The privatisation process is beset with mounting difficulties, delaying strategic sale of sinking state-run units. In the absence of any meaningful rehabilitation programme, or none at at all — as in the case of SME Bank Ltd — the plight of the public sector enterprises earmarked for privatisation has become a major national concern.

The SME Bank was set up since commercial banks were, and still are, shy of lending to small enterprises. Small and medium sized businesses were clubbed together to make this specialised banking viable.

The bank, awaiting strategic sale since 2016, has been denied equity capital for making fresh investment to upscale its operations. Policymakers have ignored the problem that a business stagnates if it is not allowed to grow.

In the annual balance sheet 2016, the bank’s board of directors noted that the management was finding it ‘very challenging to operate the bank on a self-sustaining basis’ owing to a ’narrow equity base’ and ‘constraints on business expansion’ imposed by the State Bank.

For more than a decade, the bank has continued to operate with a network of 13 commercial branches and five recovery offices. According to the balance-sheet its net liabilities were equal to its net assets. SME Bank President and CEO Ihsan-ul Haq says the bank’s limited outreach threatens its viability.

In its report, credit rating agency, Pacra, which assigned the bank’s short-term rating of B (single ‘B’), pointed out that the sustainability of the bank’s operations is dependent upon injection of equity capital by the primary sponsor. The government’s stake accounts for 93.89 per cent and the rest is shared by commercial banks.

Policymakers have ignored the problem that a business stagnates if it is not allowed to grow

As far back as October 7, 2009, a meeting of the shareholders had advised the bank management to raise the paid up capital and increase the number of its branches. But the Ministry of Finance has not responded positively to the bank’s repeated requests on the two proposals.

The paid up capital is stuck at Rs.2.39 billion; the minimum capital required by the regulator, if complied with, should have been Rs10bn.

The bank now enjoys an extended exemption granted by the State Bank.

The bank is also exempted from the implementation of Basel II and III till its ‘rehabilitation and privatisation’ due to a large investment required in software, human resource, training, etc.

There has been no notable progress in privatisation either. The first attempt at privatisation was initiated in 2007; in 2008, 18 expressions of interest were received. Short-listed companies/firms were in the process of due diligence when the central bank raised the minimum paid up capital requirement for all banks to Rs23bn net of losses. That seriously affected the feasibility of sales’ transactions. Potential investors lost interest in the proposed deal and the government suspended the transactions.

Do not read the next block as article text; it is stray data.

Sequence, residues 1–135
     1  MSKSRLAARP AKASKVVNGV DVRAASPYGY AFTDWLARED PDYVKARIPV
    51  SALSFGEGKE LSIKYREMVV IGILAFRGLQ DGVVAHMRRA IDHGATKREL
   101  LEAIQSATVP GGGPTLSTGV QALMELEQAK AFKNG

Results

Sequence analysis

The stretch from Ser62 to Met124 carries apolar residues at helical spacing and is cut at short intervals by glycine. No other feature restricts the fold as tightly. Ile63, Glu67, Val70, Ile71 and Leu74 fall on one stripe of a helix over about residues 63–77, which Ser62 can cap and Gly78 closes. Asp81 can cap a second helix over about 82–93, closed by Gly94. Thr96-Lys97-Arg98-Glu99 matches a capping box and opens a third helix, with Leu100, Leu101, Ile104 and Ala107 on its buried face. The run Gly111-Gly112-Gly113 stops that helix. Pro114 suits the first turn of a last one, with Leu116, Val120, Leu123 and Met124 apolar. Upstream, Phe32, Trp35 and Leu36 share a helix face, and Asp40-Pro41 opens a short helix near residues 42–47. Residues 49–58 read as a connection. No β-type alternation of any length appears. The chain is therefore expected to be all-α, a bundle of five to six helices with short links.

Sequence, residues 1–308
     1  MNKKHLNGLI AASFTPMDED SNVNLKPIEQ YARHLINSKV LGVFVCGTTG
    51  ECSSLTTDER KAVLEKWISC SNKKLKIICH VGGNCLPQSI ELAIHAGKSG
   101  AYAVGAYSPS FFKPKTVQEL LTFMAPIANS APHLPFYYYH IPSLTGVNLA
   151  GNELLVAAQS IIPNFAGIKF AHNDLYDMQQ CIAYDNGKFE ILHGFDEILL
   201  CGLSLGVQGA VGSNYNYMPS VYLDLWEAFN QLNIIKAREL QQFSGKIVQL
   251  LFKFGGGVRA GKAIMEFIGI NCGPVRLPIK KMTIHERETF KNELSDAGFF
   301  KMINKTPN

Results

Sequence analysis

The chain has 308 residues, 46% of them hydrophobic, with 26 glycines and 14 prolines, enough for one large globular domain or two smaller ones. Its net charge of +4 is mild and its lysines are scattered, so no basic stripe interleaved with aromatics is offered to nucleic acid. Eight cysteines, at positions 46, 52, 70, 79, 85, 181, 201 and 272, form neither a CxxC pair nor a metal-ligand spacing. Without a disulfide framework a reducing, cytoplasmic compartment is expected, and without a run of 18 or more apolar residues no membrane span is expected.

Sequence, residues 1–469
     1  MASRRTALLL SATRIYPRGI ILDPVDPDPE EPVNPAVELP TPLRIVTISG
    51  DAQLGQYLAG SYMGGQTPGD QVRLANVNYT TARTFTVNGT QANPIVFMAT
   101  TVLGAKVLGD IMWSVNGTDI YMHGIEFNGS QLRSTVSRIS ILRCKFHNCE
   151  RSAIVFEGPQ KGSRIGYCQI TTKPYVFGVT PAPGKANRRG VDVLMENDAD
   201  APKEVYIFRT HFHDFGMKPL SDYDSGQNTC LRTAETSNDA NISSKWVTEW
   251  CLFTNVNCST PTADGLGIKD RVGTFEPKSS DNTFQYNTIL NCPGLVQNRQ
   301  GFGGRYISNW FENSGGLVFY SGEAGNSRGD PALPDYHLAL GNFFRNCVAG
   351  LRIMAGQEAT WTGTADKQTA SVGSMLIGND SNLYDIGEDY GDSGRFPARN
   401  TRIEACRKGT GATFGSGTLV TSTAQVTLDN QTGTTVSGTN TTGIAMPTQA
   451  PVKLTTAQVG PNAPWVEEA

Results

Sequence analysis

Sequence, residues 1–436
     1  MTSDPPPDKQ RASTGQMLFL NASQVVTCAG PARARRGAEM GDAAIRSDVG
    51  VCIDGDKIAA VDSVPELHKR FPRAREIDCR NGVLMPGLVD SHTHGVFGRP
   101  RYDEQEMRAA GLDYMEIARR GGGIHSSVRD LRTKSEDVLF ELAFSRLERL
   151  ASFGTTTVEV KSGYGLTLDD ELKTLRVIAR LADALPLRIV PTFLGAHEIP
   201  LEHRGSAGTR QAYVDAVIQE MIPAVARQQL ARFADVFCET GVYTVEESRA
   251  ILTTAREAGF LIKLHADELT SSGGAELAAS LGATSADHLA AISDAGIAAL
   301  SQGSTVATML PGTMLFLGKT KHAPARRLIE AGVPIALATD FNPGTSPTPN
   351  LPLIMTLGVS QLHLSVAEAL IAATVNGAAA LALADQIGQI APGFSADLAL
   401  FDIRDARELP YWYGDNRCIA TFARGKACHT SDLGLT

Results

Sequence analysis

In order to attract strategic investment, according to press reports, a buyer may be offered a new specialised banking licence at a reduced minimum capital requirement of Rs6bn with staggered payments over five years: Rs2bn in the first year and the rest over the next four years. But the buyer will not be eligible to any dividend until the entire amount is paid.

Any prospective buyer has to think twice before entering into an area of business where major commercial banks move cautiously or fear to tread. Currently the banks’ focus is on financing the corporate sector, foreign trade and investment in government papers. The buyer would probably look at the potential business volume from medium sized enterprises and, like its peers, prefer to largely ignore the small businesses.

The privatisation process for the SME Bank was re-initiated after seven years in 2015 and is still some difficult steps away from any final transaction. Since nearly the last decade or so, the country’s privatisation process has received a setback for a variety of factors: pro-active interventions by the Supreme Court, resistance of PPP and the organised labour, and lukewarm response of the investors. Restructuring efforts have so far have also not yielded any positive result.

In the past, privatisation process was successful because of two major reasons: all sold units were profitable and the size of investment was within easy financial reach of the domestic private sector.

The UK showed that it was easier to sell profitable units; Ms Thatcher rehabilitated state units before selling them. The sale of state-owned banks was managed with the financial and technical assistance provided by the World Bank. It was also easier to disinvest government shares in privatised commercial banks.

Private investment is propelled by business opportunities, offered by the domestic-driven economic growth. Barring the Chinese, both foreign and domestic investors are currently focused on consumer goods industry and businesses. It is difficult to find strategic buyers for sinking organisations with rising viability risks and huge investments involved for a turnaround.

jawaidbokhari2016@gmail.com

Published in Dawn, The Business and Finance Weekly, December 18th, 2017

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